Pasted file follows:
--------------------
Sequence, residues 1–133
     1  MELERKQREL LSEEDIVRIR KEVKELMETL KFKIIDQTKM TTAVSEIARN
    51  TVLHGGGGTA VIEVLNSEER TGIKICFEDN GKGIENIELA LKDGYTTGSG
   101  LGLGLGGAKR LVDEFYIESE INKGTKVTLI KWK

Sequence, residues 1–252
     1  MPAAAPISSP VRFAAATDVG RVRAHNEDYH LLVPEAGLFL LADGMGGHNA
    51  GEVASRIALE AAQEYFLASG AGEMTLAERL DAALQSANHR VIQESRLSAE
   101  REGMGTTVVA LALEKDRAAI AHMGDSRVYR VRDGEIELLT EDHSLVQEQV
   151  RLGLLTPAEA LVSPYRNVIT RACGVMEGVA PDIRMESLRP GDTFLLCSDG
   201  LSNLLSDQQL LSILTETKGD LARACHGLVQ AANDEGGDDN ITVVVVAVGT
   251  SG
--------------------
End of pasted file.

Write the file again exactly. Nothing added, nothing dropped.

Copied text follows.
Sequence, residues 1–133
     1  MELERKQREL LSEEDIVRIR KEVKELMETL KFKIIDQTKM TTAVSEIARN
    51  TVLHGGGGTA VIEVLNSEER TGIKICFEDN GKGIENIELA LKDGYTTGSG
   101  LGLGLGGAKR LVDEFYIESE INKGTKVTLI KWK

Sequence, residues 1–252
     1  MPAAAPISSP VRFAAATDVG RVRAHNEDYH LLVPEAGLFL LADGMGGHNA
    51  GEVASRIALE AAQEYFLASG AGEMTLAERL DAALQSANHR VIQESRLSAE
   101  REGMGTTVVA LALEKDRAAI AHMGDSRVYR VRDGEIELLT EDHSLVQEQV
   151  RLGLLTPAEA LVSPYRNVIT RACGVMEGVA PDIRMESLRP GDTFLLCSDG
   201  LSNLLSDQQL LSILTETKGD LARACHGLVQ AANDEGGDDN ITVVVVAVGT
   251  SG